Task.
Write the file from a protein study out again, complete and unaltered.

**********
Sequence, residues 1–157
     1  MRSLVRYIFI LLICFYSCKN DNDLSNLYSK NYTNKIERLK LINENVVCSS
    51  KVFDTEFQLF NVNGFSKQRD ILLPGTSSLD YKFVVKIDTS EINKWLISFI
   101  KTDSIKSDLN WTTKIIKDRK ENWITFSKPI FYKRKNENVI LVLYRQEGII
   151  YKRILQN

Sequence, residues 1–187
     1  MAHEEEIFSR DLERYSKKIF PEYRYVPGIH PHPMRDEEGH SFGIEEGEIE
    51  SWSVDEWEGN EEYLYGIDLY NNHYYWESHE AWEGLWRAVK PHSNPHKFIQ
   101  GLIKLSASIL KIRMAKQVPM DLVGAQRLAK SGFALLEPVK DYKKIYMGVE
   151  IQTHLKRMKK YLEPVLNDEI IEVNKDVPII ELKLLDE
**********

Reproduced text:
Sequence, residues 1–157
     1  MRSLVRYIFI LLICFYSCKN DNDLSNLYSK NYTNKIERLK LINENVVCSS
    51  KVFDTEFQLF NVNGFSKQRD ILLPGTSSLD YKFVVKIDTS EINKWLISFI
   101  KTDSIKSDLN WTTKIIKDRK ENWITFSKPI FYKRKNENVI LVLYRQEGII
   151  YKRILQN

Sequence, residues 1–187
     1  MAHEEEIFSR DLERYSKKIF PEYRYVPGIH PHPMRDEEGH SFGIEEGEIE
    51  SWSVDEWEGN EEYLYGIDLY NNHYYWESHE AWEGLWRAVK PHSNPHKFIQ
   101  GLIKLSASIL KIRMAKQVPM DLVGAQRLAK SGFALLEPVK DYKKIYMGVE
   151  IQTHLKRMKK YLEPVLNDEI IEVNKDVPII ELKLLDE